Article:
A burgeoning number of opioid addicts are claiming that medical cannabis has served as an effective treatment in helping them combat their substance abuse.
Marijuana Can Help Prevent Prescription Painkiller Problem In America
The increasingly vocal support for cannabis treatment among opioid and painkiller addicts has caught the attention of both lawmakers and activists nationwide. And despite a dearth of evidence on the issue, some state legislatures have even considered adding opioid and heroin addiction to the list of afflictions qualifying for a medical cannabis prescription.
“Before, I couldn’t even function. I couldn’t get anything done,” says Michelle Ham, a 37-year-old Maine woman who professes to effectively battling her painkiller addiction with cannabis treatment. “Now, I actually organize volunteers, and we have a donations center to help the needy.”
Addiction to opioids –such as Vicodin, Oxycontin, and other painkillers— has grown into a public health epidemic that has produced some staggering statistics: According to the American Society of Addiction Medicine, “drug overdose is the leading cause of accidental death in the US, with 47, 055 lethal drug overdoses in 2014. Opioid addiction is driving this epidemic, with 18, 893 overdose deaths related to prescription pain relievers.”
As a result of the widespread problem, many states are rushing to find solutions, with many states looking to cannabis as a possible treatment option. Doctors in Massachusetts, for example, have pushed for cannabis as a treatment for opioid addiction, while similar initiatives are also being explored in Maine, California, and elsewhere.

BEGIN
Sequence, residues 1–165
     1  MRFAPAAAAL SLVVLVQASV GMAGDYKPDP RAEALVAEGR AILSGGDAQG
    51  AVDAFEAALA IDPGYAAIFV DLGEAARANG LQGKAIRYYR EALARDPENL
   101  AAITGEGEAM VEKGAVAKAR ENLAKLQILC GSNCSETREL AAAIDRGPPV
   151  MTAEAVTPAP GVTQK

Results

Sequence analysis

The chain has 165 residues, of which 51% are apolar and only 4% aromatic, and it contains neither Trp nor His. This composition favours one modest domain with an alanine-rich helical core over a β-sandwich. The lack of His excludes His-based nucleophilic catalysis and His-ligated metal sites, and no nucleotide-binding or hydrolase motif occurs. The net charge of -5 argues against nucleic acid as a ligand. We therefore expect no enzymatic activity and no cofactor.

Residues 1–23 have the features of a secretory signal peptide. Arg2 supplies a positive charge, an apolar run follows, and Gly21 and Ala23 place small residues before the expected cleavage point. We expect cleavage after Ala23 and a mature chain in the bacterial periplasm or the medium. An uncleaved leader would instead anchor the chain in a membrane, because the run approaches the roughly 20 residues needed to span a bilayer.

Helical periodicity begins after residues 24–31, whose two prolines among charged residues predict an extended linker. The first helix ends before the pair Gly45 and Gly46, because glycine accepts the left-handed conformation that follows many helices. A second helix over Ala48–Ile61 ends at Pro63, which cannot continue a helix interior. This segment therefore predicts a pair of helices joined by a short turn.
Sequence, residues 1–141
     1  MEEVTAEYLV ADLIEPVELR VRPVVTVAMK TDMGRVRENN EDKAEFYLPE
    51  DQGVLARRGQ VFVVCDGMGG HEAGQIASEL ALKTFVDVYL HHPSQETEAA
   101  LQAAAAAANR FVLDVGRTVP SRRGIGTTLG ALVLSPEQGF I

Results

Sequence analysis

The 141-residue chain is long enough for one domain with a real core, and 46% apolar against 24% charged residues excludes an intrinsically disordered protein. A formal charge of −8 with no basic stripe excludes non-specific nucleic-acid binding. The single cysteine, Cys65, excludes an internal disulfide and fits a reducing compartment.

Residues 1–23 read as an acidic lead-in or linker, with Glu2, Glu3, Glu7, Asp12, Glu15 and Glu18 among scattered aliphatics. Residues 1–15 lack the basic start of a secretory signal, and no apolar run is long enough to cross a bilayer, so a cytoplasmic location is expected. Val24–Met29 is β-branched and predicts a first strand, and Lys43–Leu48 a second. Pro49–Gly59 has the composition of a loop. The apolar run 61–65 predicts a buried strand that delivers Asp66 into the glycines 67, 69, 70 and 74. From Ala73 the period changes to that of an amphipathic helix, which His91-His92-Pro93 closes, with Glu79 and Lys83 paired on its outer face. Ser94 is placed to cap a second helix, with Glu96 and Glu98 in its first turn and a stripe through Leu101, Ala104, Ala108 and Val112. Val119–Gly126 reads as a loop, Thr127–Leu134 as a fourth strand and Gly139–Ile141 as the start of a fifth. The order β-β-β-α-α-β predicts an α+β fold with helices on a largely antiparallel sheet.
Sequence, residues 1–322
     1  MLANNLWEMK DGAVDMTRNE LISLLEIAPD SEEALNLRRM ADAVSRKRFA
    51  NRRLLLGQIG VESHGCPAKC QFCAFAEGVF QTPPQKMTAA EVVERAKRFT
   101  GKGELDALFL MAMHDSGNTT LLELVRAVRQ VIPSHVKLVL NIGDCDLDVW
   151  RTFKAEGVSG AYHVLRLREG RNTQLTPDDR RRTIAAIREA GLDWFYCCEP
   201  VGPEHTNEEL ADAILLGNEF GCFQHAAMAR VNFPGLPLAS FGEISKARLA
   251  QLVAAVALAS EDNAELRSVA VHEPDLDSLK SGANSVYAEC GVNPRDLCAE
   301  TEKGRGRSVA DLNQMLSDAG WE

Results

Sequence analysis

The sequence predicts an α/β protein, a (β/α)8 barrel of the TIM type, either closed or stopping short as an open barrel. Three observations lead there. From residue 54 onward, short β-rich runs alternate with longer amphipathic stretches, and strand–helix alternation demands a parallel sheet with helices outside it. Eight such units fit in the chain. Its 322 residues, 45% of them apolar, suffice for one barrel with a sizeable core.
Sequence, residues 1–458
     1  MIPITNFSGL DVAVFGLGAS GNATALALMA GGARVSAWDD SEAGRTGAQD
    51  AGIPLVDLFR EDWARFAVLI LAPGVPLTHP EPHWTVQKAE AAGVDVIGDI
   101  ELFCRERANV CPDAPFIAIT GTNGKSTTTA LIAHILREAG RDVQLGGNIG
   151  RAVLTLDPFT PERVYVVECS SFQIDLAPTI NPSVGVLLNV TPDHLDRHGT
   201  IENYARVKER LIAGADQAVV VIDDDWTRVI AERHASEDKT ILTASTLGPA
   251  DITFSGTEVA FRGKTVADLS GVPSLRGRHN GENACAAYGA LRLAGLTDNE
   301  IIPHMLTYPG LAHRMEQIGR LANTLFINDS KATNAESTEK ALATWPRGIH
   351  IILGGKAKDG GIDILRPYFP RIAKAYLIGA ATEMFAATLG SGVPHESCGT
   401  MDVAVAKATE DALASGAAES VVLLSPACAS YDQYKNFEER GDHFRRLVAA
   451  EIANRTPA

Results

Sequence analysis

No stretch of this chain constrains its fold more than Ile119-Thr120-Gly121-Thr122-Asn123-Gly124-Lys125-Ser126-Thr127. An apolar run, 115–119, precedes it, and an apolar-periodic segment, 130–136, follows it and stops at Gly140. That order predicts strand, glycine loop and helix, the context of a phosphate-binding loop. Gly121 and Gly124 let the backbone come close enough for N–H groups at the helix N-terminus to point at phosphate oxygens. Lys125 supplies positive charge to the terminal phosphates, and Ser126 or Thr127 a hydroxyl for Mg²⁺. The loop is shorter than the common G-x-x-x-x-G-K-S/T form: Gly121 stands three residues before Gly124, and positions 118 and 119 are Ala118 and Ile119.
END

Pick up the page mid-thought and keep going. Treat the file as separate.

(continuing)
“As soon as we can get people off opioids to a nonaddicting substance — and medical marijuana is nonaddicting — I think it would dramatically impact the amount of opioid deaths,” says Dr. Gary Witman, who represents Canna Care Docs, a patchwork of facilities that enables patients to receive medical cannabis in states for which it is allowed.
Some evidence has already been published to support the assertion that cannabis can effectively treat an addiction to opioids and heroin. A study published in August 2014 in the Journal of the American Medical Association found a correlation between access to medical cannabis and lower mortality rates; in other words, states that allowed for the use of medical cannabis exhibited less opioid overdose-related deaths than states without such laws.
However, despite the confidence among many doctors that cannabis may provide a solution to the problem, other medical professionals insist that more research is needed. Colleen Barry, co-director of the Johns Hopkins Center for Mental Health and Addiction Policy Research, recently published findings in the New York Times that, while somewhat supportive of the notion that cannabis could be used to combat opioid addiction, nonetheless insisted that more testing should be undertaken on the issue.
“We don’t know whether the legalization of marijuana for recreational purposes will have an impact –positive or negative– on nonmedical use of opioids and heroin,” she wrote. “Again, evidence is lacking and will likely depend on how recreational marijuana is regulated.”